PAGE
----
FIDO

I recommended them to a work colleague as ‘among the very best £4s I’ve ever spent’; all round top banana Chris Croft’s ‘Assertiveness MP3s‘ are pure gold.

So I wrote to Chris to tell him:

At my grand age it’s kind of embarrassing to lack the conceptual apparatus to fix one of your deep-seated weaknesses; but as you say these things are improved by understanding, application, repetition and changing your internal narratives. Your Assertiveness tape is a revelation! Thank you for what you do Chris – it’s terrific.

He kindly wrote back

What a great message – thanks John!

One of Chris’s top tips is when you get something wrong or make a mistake (which we all do, all the time) then FIDO is your new best friend.

Not the famous Italian dog but the simple acronym:

Forget It and Drive On.

As Chris himself points out, ‘Learn from it’ might be better than ‘Forget it’ but LIDO isn’t quite as good as FIDO. For my part I thought I might like ‘Move On’ more than ‘Drive On’ – a bit less ‘bulldozing’ – but LIMO is hopeless…

But the pièce de résistance fell into place this week, thanks to my belated opening of a Christmas gift from a very great friend…

It’s a bit sweary as the title suggests, but Mark Manson is certainly onto something… in a nutshell if we give a f#ck about too many things then we’re not giving enough of a f#ck about the things that matter. Simple.

So now, I have the version of FIDO which works for me. Forget ‘learning from it’ – I think about stuff to much already… The mongrel version of FIDO which has become my trusty companion this week, is the one which plays to my Northern roots and stops rumination dead in its tracks:

F#ck It and Drive On.

Conceptually nudging ‘drive’ into the cheery form of ‘barrelling’ or ‘bowling along’ through life – it’s working like a charm!

P.S.

Here are some of Chris’s very handy ‘mantras’ which he sent through last month:

“During my assertiveness training day I have various catch-phrases, or mantras, and I hope that people will pick up on at least one of them and keep it in mind when they are dealing with difficult situations. Here is a list of all of the ones that I personally use (with brief explanations):

“Nobody can push me into the ‘not OK’ box”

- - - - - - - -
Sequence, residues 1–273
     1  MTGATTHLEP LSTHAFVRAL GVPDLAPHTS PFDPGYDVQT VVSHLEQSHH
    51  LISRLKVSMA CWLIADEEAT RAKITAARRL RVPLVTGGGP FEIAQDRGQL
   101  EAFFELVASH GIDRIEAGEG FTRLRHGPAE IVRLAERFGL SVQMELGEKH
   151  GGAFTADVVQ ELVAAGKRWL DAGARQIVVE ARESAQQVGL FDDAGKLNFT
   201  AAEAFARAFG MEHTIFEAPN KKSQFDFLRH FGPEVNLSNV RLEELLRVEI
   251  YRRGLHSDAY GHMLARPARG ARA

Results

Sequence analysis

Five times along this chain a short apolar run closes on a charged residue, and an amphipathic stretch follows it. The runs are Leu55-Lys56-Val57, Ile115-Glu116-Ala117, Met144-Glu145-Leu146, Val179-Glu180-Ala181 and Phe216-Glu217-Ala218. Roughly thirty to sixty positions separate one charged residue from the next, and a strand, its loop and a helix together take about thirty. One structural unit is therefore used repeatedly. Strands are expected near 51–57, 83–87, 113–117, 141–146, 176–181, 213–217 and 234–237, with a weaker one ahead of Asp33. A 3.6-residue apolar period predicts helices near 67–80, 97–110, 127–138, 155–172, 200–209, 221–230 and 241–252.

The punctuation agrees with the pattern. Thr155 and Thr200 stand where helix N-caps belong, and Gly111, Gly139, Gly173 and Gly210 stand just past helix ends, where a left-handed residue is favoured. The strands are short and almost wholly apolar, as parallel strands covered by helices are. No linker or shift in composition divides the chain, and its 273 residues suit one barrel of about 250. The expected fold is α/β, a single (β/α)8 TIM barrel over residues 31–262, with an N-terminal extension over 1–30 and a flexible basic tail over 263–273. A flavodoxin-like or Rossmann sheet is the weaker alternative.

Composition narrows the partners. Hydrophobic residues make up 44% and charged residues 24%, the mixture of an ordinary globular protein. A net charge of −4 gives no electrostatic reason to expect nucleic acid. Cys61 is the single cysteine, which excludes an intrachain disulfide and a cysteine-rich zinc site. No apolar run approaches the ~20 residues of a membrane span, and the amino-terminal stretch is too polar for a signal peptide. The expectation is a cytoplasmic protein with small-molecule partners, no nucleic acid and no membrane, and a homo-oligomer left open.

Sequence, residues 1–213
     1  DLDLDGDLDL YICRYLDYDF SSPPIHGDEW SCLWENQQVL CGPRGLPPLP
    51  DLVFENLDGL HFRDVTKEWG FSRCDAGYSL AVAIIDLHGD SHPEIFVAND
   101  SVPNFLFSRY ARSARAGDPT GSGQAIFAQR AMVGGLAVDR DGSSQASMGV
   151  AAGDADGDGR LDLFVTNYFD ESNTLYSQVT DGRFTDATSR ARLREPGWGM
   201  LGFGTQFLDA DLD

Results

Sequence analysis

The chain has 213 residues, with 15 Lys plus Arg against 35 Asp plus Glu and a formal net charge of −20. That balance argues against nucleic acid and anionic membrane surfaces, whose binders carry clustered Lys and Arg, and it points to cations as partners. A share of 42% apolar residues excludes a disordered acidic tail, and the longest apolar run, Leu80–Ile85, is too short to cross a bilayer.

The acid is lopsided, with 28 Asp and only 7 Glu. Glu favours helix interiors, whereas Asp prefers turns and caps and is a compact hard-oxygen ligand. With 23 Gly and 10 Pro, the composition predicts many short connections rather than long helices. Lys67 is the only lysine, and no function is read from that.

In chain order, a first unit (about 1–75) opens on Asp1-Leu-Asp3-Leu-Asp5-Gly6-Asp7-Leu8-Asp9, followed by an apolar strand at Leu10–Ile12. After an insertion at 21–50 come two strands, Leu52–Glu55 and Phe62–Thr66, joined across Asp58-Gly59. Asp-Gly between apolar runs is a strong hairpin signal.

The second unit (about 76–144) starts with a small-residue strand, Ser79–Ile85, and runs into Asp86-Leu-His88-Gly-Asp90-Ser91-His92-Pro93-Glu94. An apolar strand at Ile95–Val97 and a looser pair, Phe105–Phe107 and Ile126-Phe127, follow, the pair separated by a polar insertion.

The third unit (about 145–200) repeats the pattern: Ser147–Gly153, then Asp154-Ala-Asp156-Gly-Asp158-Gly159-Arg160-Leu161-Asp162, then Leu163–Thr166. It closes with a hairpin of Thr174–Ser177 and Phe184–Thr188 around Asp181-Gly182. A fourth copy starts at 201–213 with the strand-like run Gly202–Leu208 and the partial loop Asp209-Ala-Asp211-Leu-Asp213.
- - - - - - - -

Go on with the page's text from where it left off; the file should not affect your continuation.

We all have a tendency to move from being OK about ourselves to being not OK, and if you are not OK about yourself then you will find it more difficult to interact productively with others. Being OK doesn’t mean “better than the other person” – just OK with yourself. And other people will sometimes try to push you into the not OK box, when they try to make you feel guilty or accuse you of being selfish when you are standing up for yourself and your own rights. Or if you’ve made a mistake, it doesn’t mean you’re a bad person. And it’s not up to anyone else to decide whether you are a good person, it’s up to you.

“We teach people how to treat us”

If you let people treat you badly they will keep on doing it. And even in small cases, for example the boss who can’t delegate or who solves people’s problems for them, will be brought more and more problems to solve. So if you keep on being treated badly, especially if it’s by more than one person, then ask yourself if there is something you are doing to encourage them.

“It’s never too late to go back”

If you are taken by surprise, maybe by a verbal attack or perhaps a request for something, and you give in, and you are kicking yourself afterwards thining “I should never agreed to that” or “I should never have let him get away with that” or “I know what I should have said, if only I’d been a bit quicker” then remember, you can always go back and say “I’ve been thinking about what you said earlier, and I’m not happy with it / I’m going to change my mind etc”. It’s great to know that you have as long as you need in order to think of a suitable reply.

“I don’t have to justify how I feel”

I joke that I regret teaching my wife this one, but the truth is that I think everyone should use this phrase. If you don’t want to do something and you are being pressure with “But why not??” then this can be a good response. You are entitled to your feelings, and that’s an end to it.”